Back at the Kimball home, Joseph spoke to Emily: “I cannot tell all Joseph said, but he said the Lord had commanded [him] to enter into plural marriage and had given me to him and although I had got badly frightened he knew I would yet have him...Well I was married there and then. Joseph went home his way and I going my way alone. A strange way of getting married wasen’t it?”  Although they did not spend their wedding night together, Emily said she “slept with” Joseph on other occasions.  Joseph’s property caretaker in Macedonia, Benjamin Johnson, remembers the couple traveling there, “The prophet...Came and...ocupied the Same Room & Bed with...the Daughter of the Late Bishop Partridge”.

Four days after his marriage to Emily, Joseph married Emily’s sister, Eliza.  The details of the proposal and marriage are sparse.  Eliza kept a journal but later burned it because it was “too full”.  Years later she wrote, “While [living in Joseph’s house] he taught to us the plan of Celestial marriage and asked us to enter into that order with him. This was truly a great trial for me but I had the most implicit confidence in him as a Prophet of the Lord and [could] not but believe his words and as a matter of course accept the privilege of being sealed to him as a wife for time and all eternity.”  Of the marriages, Emily said, “neither of us knew about the other at the time, everything was so secret.”

About this time Joseph introduced select men to the endowment ceremony.  He taught that it was necessary for exaltation.  Women would also be receiving the endowment and Joseph wanted his wife, Emma, to be the “Elect Lady”: the first women to receive the endowment.  She would then disseminate it to the other women.  The endowment requires a wife to be obedient to her husband.  Because Emma was resisting plural marriage, Joseph would not let her participate in the endowment, thus risking her own exaltation as well as delaying ceremonial endowments for other women.  Carrying this burden, Emma agreed to let Joseph marry additional wives; provided she could select them.  Unaware of their marriage to Joseph months earlier, Emma selected her live-in helpers, Emily and Eliza.  Emily recalls, “I do not know why she gave us to him, unless she thought we were where she could watch us better...” Emily continued, “To save the family trouble Brother Joseph thought it best to have another ceremony performed...[Emma] had her feelings, and so we thought there was no use in saying anything about it so long as she had chosen us herself...Accordingly...we were sealed to JS a second time, in Emma’s presence.”  Within a week, Emma received her endowment.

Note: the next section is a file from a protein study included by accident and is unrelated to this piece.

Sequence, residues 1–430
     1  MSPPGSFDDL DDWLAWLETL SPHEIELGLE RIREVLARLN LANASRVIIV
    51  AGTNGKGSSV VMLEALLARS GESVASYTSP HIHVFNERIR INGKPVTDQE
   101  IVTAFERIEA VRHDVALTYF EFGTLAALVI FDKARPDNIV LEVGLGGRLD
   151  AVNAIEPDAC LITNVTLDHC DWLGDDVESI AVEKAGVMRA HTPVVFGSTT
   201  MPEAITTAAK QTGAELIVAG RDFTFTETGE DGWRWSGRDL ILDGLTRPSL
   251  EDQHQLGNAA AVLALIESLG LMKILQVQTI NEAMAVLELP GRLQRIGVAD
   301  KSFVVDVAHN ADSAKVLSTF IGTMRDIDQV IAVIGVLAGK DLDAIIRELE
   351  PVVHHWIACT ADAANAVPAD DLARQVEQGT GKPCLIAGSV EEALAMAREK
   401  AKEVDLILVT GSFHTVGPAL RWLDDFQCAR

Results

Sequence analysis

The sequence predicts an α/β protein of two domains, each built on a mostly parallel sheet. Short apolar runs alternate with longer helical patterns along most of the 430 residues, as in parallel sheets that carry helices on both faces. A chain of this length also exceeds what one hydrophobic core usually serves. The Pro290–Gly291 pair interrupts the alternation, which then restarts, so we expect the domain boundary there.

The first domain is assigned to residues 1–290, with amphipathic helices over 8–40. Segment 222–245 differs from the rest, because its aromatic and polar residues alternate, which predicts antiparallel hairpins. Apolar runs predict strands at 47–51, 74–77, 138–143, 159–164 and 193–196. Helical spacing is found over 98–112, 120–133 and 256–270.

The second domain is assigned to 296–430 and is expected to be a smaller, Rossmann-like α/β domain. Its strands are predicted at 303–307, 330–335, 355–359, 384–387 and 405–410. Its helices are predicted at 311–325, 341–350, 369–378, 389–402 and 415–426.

But Emma’s surrender waned.  Emily remembers: “We remained in the family several months after this...She sent for us one day to come to her room. Joseph was present, looking like a martyr. Emma said some very hard things ...She would rather her blood would run...than be polluted in this manner...Joseph came to us and shook hands with us, and the understanding was that all was ended between us. I for one meant to keep this promise I was forced to make.”  Emily continued, “We looked upon the covenants we had made as sacred”.  Joseph arranged for Emily and Eliza to move out of the Smith home.  Emily wrote, “I do not remember [speaking to] Joseph but once...after I left the Mansion house and that was just before he started for Carthage."  Joseph was killed in Carthage on June 27, 1844.  

Speaking of Emma, Emily said, “I think Emma always regretted having any hand in getting us into such trying circumstances.  But she need not have blamed herself for that... for it would have been the same with or without her consent...I have never repented the act that made me a plural wife...of Joseph Smith and bound me to him for time and all eternity.”